A top-notch book of natural science that busts myths as it entertains.



A cheerful and knowledgeable popular science review of female animals.

For decades, writes British science writer Cooke, “studies of intrasexual competition focused on male competition for mates, and the combative potential of females was largely ignored by science. The resulting data gap on females then masqueraded as knowledge. It’s assumed females aren’t competitive, and theories are based upon that understanding—when the truth is we just haven’t been paying attention.” The author emphasizes that it was only at the end of the 20th century that women began to enter biology in large numbers. Many turned their attention to female animals, heretofore considered too boring to bother to study, and discovered that “true till-death-do-us-part sexual monogamy…proved to be extremely rare, found in less than 7 percent of known species.” A skilled journalist, Cooke has traveled the world to interview experts, most of them women, who have performed groundbreaking research and are unafraid to confront skeptical male colleagues. Despite deploring his Victorian sensibilities, Cooke remains a Darwin enthusiast, but she maintains that his later (and lesser known) theory of sexual selection deserves equal status with natural selection. Readers will receive a superb education in the evolution and mechanics of animal sex as well as countless colorful anecdotes describing bizarre reproductive behavior. Readers will find the familiar account of female spiders eating males as they try to mate, but there is much more to discover in Cooke’s fascinating pages: Almost all birds are monogamous, but it’s a social monogamy; 90% of female birds sneak away from the nest to copulate with multiple males, so a single clutch of eggs can have many fathers. Permanently attached to a rock, a barnacle possesses the longest penis for its size in the animal kingdom, but this is purely functional, enabling it to search for neighboring females. If there are no females within reach, as a last resort, the hermaphroditic creature fertilizes itself.

A top-notch book of natural science that busts myths as it entertains.

Pub Date: June 14, 2022

ISBN: 978-1-5416-7489-9

Page Count: 384

Publisher: Basic Books

Review Posted Online: April 27, 2022

Kirkus Reviews Issue: May 15, 2022

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A straightforward, carefully detailed presentation of how ``fruit comes from flowers,'' from winter's snow-covered buds through pollination and growth to ripening and harvest. Like the text, the illustrations are admirably clear and attractive, including the larger-than-life depiction of the parts of the flower at different stages. An excellent contribution to the solidly useful ``Let's-Read-and-Find-Out-Science'' series. (Nonfiction/Picture book. 4-9)

Pub Date: Jan. 30, 1992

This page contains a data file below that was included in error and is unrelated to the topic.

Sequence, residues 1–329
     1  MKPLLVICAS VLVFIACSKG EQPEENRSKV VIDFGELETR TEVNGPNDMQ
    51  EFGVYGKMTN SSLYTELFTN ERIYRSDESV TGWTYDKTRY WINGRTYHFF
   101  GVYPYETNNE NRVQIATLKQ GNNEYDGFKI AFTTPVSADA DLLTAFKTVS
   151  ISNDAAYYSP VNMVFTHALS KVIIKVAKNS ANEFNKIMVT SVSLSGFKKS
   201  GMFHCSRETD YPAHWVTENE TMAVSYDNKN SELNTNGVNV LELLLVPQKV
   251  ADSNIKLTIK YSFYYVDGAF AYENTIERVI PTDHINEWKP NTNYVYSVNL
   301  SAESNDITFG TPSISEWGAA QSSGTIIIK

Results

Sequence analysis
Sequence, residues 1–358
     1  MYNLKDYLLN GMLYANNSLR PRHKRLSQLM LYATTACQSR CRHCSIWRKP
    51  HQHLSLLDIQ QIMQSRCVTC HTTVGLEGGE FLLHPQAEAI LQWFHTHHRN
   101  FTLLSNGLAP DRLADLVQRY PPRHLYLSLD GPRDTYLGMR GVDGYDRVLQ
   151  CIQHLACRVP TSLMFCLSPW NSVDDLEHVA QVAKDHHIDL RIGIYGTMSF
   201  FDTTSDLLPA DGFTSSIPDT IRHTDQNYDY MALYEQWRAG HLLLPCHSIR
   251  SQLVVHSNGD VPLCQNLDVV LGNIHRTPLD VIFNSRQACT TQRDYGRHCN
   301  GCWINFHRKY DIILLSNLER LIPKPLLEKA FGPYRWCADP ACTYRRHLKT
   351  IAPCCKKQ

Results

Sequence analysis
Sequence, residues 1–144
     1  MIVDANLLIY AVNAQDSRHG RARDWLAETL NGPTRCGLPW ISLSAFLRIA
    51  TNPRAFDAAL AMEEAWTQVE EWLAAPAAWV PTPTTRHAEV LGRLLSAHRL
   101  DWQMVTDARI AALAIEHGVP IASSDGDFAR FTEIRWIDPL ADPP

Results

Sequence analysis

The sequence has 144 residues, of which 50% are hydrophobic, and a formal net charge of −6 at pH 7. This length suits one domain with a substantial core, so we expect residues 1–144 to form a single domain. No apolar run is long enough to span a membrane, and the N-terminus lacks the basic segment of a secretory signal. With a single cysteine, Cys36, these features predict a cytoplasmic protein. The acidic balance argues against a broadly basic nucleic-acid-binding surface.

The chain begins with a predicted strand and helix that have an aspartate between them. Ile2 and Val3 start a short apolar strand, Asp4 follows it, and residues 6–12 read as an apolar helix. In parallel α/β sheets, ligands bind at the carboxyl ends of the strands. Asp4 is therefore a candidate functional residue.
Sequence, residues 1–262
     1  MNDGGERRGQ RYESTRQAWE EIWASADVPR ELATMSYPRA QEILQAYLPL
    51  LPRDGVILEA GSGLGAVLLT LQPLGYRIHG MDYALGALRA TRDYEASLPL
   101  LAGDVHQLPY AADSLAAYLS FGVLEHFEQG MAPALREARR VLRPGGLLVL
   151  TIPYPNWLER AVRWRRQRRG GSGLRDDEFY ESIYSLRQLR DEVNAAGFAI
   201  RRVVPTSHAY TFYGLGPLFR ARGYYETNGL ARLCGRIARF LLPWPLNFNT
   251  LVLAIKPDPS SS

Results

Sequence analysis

ISBN: 0-06-020055-3

Page Count: 32

Publisher: HarperCollins

Review Posted Online: May 20, 2010

Kirkus Reviews Issue: Dec. 15, 1991

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A quirky wonder of a book.



A Peabody Award–winning NPR science reporter chronicles the life of a turn-of-the-century scientist and how her quest led to significant revelations about the meaning of order, chaos, and her own existence.

Miller began doing research on David Starr Jordan (1851-1931) to understand how he had managed to carry on after the 1906 San Francisco earthquake destroyed his work. A taxonomist who is credited with discovering “a full fifth of fish known to man in his day,” Jordan had amassed an unparalleled collection of ichthyological specimens. Gathering up all the fish he could save, Jordan sewed the nameplates that had been on the destroyed jars directly onto the fish. His perseverance intrigued the author, who also discusses the struggles she underwent after her affair with a woman ended a heterosexual relationship. Born into an upstate New York farm family, Jordan attended Cornell and then became an itinerant scholar and field researcher until he landed at Indiana University, where his first ichthyological collection was destroyed by lightning. In between this catastrophe and others involving family members’ deaths, he reconstructed his collection. Later, he was appointed as the founding president of Stanford, where he evolved into a Machiavellian figure who trampled on colleagues and sang the praises of eugenics. Miller concludes that Jordan displayed the characteristics of someone who relied on “positive illusions” to rebound from disaster and that his stand on eugenics came from a belief in “a divine hierarchy from bacteria to humans that point[ed]…toward better.” Considering recent research that negates biological hierarchies, the author then suggests that Jordan’s beloved taxonomic category—fish—does not exist. Part biography, part science report, and part meditation on how the chaos that caused Miller’s existential misery could also bring self-acceptance and a loving wife, this unique book is an ingenious celebration of diversity and the mysterious order that underlies all existence.

A quirky wonder of a book.

Pub Date: April 14, 2020

ISBN: 978-1-5011-6027-1

Page Count: 224

Publisher: Simon & Schuster

Review Posted Online: Jan. 2, 2020

Kirkus Reviews Issue: Feb. 1, 2020

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